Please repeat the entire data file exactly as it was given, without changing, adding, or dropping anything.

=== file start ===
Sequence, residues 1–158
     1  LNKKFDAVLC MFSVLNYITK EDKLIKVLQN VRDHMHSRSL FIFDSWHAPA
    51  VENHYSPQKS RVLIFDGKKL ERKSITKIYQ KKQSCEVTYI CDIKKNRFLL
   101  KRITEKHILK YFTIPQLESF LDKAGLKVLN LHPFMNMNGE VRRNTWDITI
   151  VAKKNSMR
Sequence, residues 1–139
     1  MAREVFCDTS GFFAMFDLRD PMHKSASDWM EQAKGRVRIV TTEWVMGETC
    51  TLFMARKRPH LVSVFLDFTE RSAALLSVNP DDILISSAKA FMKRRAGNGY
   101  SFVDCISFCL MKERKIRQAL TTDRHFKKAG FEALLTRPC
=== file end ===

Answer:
Sequence, residues 1–158
     1  LNKKFDAVLC MFSVLNYITK EDKLIKVLQN VRDHMHSRSL FIFDSWHAPA
    51  VENHYSPQKS RVLIFDGKKL ERKSITKIYQ KKQSCEVTYI CDIKKNRFLL
   101  KRITEKHILK YFTIPQLESF LDKAGLKVLN LHPFMNMNGE VRRNTWDITI
   151  VAKKNSMR
Sequence, residues 1–139
     1  MAREVFCDTS GFFAMFDLRD PMHKSASDWM EQAKGRVRIV TTEWVMGETC
    51  TLFMARKRPH LVSVFLDFTE RSAALLSVNP DDILISSAKA FMKRRAGNGY
   101  SFVDCISFCL MKERKIRQAL TTDRHFKKAG FEALLTRPC